The Undergraduate Research Journal
Designer drugs, like Spice, are synthetic psychoactive analogs of illegal substances with understudied health effects since they have traditionally been sold in packages labeled “not for human consumption” and the molecular structures can be specifically altered to circumvent legislation. Recent legislation has focused on regulating packaging and has reduced, but not eliminated, the distribution of Spice in Alaska. Legally obtained Spice samples from three geographic regions in Alaska were analyzed using liquid injection gas chromatography-mass spectrometry (GC-MS). Most (70%) of the samples contained illegal cannabinoids that have been regulated by the Drug Enforcement Agency and 47% contained multiple active ingredients. We hypothesized that the heterogeneity of the active ingredients between brands and across regions could be used to indicate small or larger-scale manufacturing, and the results indicate multiple manufacturing scales.
Although the idea that beauty is hereditary seems commonsensical, considering that other facial features have been shown to be affected by genes, it is not clear what the overall effect on attractiveness these inherited features have. The purpose of the study was to investigate the veracity of the statement that beauty is hereditary.
ALS (Amyotrophic Lateral Sclerosis), otherwise known as Lou Gehrig’s disease, is a fatal neurodegenerative disease that involves the loss of motor neurons in the spinal cord, brainstem, and motor cortex. This disease, estimated to be afflicting around 20,000 Americans, leads to progressive muscle weakness throughout the body. Recently, researchers at the University of California in Berkeley used the gene-editing technology, CRISPR-Cas9, to disrupt the mutant SOD1 gene expression in the spinal cord of mice with ALS, effectively extending their lifespan by 25%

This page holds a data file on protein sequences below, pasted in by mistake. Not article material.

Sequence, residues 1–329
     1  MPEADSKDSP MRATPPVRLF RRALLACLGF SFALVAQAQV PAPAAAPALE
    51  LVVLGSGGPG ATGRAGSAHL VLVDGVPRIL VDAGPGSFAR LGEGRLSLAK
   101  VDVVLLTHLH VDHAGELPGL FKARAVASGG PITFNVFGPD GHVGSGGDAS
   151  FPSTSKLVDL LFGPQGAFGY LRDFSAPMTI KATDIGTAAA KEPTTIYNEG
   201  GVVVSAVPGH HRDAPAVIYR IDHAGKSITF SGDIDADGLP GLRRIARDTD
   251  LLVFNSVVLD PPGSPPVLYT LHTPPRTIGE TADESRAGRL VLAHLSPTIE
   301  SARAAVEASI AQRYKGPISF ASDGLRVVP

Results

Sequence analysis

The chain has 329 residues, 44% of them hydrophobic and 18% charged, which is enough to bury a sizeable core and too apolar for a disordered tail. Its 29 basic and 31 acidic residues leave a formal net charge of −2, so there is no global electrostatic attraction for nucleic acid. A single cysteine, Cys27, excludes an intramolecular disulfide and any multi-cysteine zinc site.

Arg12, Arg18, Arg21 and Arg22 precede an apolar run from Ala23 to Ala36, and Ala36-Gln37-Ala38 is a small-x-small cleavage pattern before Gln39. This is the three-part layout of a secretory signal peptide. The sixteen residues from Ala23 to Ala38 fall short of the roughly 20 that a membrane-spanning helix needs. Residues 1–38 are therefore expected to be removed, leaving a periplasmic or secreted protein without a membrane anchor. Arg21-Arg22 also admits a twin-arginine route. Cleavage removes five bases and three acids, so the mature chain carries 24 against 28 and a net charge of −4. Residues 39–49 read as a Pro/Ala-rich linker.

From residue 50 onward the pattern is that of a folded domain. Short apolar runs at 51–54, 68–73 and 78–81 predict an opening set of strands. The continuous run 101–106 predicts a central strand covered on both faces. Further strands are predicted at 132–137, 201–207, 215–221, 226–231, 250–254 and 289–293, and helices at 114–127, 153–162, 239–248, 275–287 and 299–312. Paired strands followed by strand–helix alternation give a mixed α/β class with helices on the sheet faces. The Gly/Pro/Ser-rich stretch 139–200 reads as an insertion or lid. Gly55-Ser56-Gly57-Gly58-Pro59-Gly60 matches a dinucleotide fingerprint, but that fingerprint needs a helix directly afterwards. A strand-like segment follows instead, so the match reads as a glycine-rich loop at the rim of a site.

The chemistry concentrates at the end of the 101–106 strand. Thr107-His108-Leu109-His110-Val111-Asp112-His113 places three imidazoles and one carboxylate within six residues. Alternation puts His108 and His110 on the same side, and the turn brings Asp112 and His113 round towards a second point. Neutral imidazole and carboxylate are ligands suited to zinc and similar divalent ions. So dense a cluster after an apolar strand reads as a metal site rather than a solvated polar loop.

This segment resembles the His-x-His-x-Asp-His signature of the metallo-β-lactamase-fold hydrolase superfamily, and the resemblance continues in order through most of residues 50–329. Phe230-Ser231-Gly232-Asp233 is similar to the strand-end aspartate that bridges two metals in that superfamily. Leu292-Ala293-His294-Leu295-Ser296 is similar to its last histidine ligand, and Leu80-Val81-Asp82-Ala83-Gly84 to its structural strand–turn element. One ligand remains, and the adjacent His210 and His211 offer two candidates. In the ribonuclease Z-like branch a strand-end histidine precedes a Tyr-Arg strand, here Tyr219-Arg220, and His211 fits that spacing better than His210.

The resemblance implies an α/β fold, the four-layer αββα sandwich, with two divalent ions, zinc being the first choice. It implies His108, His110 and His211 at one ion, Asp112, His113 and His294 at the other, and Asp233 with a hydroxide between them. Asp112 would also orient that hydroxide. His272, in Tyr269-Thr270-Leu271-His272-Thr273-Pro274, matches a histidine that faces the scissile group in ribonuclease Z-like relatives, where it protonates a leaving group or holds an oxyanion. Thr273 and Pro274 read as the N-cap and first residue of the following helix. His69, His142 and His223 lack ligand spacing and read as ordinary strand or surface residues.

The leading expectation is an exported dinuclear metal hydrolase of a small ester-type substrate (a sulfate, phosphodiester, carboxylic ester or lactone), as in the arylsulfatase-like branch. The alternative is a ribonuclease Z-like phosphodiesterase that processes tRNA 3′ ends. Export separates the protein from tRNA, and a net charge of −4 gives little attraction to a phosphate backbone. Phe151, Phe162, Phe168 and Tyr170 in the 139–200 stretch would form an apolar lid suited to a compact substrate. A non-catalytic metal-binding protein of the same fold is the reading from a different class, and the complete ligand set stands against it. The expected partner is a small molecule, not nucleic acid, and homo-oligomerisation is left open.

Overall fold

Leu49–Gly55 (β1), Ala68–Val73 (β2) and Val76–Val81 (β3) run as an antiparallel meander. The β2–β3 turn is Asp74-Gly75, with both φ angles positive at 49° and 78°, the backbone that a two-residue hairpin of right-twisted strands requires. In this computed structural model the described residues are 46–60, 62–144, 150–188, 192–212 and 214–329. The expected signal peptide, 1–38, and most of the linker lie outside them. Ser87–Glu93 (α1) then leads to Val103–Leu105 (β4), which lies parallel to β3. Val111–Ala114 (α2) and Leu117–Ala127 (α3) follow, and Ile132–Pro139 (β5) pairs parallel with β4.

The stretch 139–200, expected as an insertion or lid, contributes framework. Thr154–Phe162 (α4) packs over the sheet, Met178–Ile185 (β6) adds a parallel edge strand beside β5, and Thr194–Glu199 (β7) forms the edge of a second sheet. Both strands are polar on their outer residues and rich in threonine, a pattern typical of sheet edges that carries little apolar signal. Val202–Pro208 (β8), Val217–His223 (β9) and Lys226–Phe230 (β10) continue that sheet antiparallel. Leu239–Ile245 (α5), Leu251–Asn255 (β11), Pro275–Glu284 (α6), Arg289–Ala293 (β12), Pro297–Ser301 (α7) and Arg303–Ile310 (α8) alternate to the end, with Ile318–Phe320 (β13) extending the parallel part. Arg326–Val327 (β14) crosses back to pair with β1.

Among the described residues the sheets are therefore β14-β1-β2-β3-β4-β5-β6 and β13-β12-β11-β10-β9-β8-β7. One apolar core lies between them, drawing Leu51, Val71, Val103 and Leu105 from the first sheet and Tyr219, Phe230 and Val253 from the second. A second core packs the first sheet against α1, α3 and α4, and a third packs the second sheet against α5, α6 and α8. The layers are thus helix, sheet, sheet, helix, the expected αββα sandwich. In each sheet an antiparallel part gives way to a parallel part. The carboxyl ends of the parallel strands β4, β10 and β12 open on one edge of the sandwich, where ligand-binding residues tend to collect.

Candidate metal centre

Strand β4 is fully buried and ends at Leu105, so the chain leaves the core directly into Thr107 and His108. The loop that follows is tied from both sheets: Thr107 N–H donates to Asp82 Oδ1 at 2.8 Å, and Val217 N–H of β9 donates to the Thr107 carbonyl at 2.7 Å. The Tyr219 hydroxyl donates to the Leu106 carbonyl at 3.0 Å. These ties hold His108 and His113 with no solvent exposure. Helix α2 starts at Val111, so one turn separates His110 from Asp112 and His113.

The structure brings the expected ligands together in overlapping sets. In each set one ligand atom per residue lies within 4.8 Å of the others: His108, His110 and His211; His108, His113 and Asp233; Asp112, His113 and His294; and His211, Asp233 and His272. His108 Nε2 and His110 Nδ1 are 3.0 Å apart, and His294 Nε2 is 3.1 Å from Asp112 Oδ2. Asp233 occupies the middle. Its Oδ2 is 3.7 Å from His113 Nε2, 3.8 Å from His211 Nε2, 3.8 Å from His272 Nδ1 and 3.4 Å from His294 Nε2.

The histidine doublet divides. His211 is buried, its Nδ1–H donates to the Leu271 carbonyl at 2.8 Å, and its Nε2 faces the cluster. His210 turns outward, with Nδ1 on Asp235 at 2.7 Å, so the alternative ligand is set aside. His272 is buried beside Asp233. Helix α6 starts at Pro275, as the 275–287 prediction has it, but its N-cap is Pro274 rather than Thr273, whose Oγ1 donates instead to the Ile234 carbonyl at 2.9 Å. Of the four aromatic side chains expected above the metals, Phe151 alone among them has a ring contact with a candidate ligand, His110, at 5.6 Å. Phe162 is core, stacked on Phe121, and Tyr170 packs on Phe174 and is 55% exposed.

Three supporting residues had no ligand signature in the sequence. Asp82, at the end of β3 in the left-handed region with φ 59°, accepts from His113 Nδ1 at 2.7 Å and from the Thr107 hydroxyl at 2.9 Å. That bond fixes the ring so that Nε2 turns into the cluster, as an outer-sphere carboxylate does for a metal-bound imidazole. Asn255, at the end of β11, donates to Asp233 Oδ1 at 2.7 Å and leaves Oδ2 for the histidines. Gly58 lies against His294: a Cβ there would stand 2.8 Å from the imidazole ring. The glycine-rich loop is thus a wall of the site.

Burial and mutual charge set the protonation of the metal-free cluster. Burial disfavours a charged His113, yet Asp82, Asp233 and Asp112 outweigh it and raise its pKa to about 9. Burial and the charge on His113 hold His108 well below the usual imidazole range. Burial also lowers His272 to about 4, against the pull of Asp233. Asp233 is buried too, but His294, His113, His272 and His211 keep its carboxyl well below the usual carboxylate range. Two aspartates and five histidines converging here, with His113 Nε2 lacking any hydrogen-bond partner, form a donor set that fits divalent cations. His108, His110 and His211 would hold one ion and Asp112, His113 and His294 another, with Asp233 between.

Dr. Joy Bennett is a Doctor in Chemistry with aPh.D. in Organic/Inorganic Chemistry from Coventry University in the UK. Having previously graduated with a 2:1 BSc in Pharmaceutical Chemistry as a mature student, she now works as a chemist doing analytical chemistry.
Proteins are often intuitively named after their function, and condensin is no exception. It condenses DNA inside the nucleus of a cell into X-shaped chromosomes for cell division. The name, however, provides no insight into how this feat is achieved. In fact, the molecular mechanism of how condensin organizes DNA inside the nucleus has previously only been hypothesized to involve extruding DNA into large loops.
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